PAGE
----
Welcome to the MacNN Forums.

If this is your first visit, be sure to check out the FAQ by clicking the link above. You may have to register before you can post: click the register link above to proceed. To start viewing messages, select the forum that you want to visit from the selection below.

You are here: MacNN Forums > Community > MacNN Lounge > What do you guys consider "broadband" speeds?

What do you guys consider "broadband" speeds?
Thread Tools
The Final Dakar
Games Meister
Join Date: Aug 2009
Location: Eternity
Status: Offline
Reply With Quote
Sep 4, 2014, 10:45 AM
 
Surprisingly not a poll. I have a feeling there might be a divide among those who have been in rural areas where options are are hard to come by, and those in cities which tend to boast better infrastructure. Also asking because I heard the FCC is looking to redefine or update what qualifies as broadband speeds.

For me, I remember back in '04 when I upgraded from my 56k dial-up to 1Mb/386Kb DSL from Verizon. In the coming years I would later upgrade to 3Mb/768Kb, and then 7MB (which was 6.5Mb in actuality, but would slowly deteriorate to 4.75Mb currently).

Would you guys consider me broadband?
     
ShortcutToMoncton
Addicted to MacNN
Join Date: Sep 2000
Location: The Rock
Status: Offline
Reply With Quote
Sep 4, 2014, 11:02 AM
 
The minimum "hi-speed internet" my available ISPs offer is 15Mbps down, 2Mbps up. So I guess that.
Mankind's only chance is to harness the power of stupid.
     
The Final Dakar  (op)
Games Meister
Join Date: Aug 2009
Location: Eternity
Status: Offline
Reply With Quote
Sep 4, 2014, 11:07 AM
 
Originally Posted by ShortcutToMoncton View Post
The minimum "hi-speed internet" my available ISPs offer is 15Mbps down, 2Mbps up. So I guess that.
That seems like a lazy answer.
     
Jawbone54
Posting Junkie
Join Date: Mar 2005
Location: Louisiana
Status: Offline
Reply With Quote
Sep 4, 2014, 11:21 AM
 
I've always considered anything DSL/Cable to be broadband, but as time goes by, 4.75 mbps seems to barely cut it.
     
Shaddim
Clinically Insane
Join Date: Apr 2003
Location: 46 & 2
Status: Offline
Reply With Quote
Sep 4, 2014, 11:25 AM
 
According to the ISPs in my area, it's 1.5Mb down/256kb up. They can actually say that with a straight face.
"Those who expect to reap the blessings of freedom must, like men, undergo the fatigue of supporting it."
- Thomas Paine
     
The Final Dakar  (op)
Games Meister
Join Date: Aug 2009
Location: Eternity
Status: Offline
Reply With Quote
Sep 4, 2014, 11:25 AM
 
Originally Posted by Jawbone54 View Post
but as time goes by
That's exactly what this about. It makes sense that the FCC would update their definition, particularly when as the internet grows, bandwidth requirements get larger to load content in a timely manner. It's the same reason why having a fridge in 1910 isn't the same as having one in 2010. Or microwaves. Or computers, etc.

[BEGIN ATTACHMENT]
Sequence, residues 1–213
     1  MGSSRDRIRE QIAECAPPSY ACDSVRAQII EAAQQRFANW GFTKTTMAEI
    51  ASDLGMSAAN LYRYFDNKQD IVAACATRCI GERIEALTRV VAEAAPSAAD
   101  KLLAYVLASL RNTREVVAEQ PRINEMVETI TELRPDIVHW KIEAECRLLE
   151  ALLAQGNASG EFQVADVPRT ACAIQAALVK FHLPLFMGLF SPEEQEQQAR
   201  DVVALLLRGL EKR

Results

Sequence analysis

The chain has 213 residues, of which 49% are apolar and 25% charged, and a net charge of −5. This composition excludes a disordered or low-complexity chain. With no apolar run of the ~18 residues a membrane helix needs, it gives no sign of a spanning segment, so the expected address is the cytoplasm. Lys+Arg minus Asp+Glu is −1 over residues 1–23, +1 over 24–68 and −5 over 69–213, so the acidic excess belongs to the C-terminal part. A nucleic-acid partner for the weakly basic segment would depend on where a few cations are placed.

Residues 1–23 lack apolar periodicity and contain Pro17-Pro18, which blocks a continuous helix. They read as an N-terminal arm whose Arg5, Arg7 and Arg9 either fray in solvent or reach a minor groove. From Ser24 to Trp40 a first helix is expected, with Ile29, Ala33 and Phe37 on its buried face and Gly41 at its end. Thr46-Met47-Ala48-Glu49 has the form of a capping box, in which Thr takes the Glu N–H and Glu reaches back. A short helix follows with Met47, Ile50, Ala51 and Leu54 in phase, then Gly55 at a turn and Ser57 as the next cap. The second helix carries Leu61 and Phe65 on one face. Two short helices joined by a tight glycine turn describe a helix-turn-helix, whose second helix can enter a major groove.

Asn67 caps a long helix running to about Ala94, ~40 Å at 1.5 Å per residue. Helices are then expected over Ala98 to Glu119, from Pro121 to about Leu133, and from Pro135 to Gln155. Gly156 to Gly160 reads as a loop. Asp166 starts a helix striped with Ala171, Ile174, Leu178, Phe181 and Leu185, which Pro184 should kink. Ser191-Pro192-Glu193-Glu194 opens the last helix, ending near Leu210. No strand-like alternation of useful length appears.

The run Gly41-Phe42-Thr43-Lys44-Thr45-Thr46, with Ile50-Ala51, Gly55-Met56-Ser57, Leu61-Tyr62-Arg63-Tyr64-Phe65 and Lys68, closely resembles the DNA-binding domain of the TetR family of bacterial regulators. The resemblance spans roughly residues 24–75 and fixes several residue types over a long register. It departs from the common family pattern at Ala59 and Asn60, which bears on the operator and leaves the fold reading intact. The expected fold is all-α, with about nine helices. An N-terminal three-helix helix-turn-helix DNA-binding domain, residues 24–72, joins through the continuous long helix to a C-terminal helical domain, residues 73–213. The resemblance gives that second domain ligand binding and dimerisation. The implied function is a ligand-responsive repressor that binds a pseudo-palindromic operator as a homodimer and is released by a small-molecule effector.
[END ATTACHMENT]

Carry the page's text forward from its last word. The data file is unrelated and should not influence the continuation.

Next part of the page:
Here's a few questions: Does broadband have to be able to stream video? 720p HD Video? 1080p? Two people at 720p? Do you measure it by how long it takes to load the average web page? How long should it take to do so?
( Last edited by The Final Dakar; Sep 4, 2014 at 12:02 PM. Reason: Edited for freshness)
     
osiris
Addicted to MacNN
Join Date: Sep 2000
Location: Isle of Manhattan
Status: Offline
Reply With Quote
Sep 4, 2014, 11:27 AM
 
I think broadband refers to anything above telephone modem speed. So, technically I would consider your connection as broadband.

But content today is too rich, too heavy - even modest bandwidth like 5-10Mbps would be very pokey, never mind anything slower.

Installing Adblock and Ghostery will help get the most out of limited bandwidth by blocking the artery cloggers. It would be an improvement, I hope.
"Faster, faster! 'Till the thrill of speed overcomes the fear of death." - HST
     
sek929
Posting Junkie
Join Date: Nov 1999
Location: Cape Cod, MA
Status: Offline
Reply With Quote
Sep 4, 2014, 11:33 AM
 
I wouldn't consider anything less than 4Mbps broadband in this day and age. 12 years ago in my area the base cable internet speeds were about 4, now the going minimum is 8 and I pay (far to much) for 16...which I consider the minimum for doing anything remotely useful on the web.
     
osiris
Addicted to MacNN
Join Date: Sep 2000
Location: Isle of Manhattan
Status: Offline
Reply With Quote
Sep 4, 2014, 11:37 AM
 
Originally Posted by The Final Dakar View Post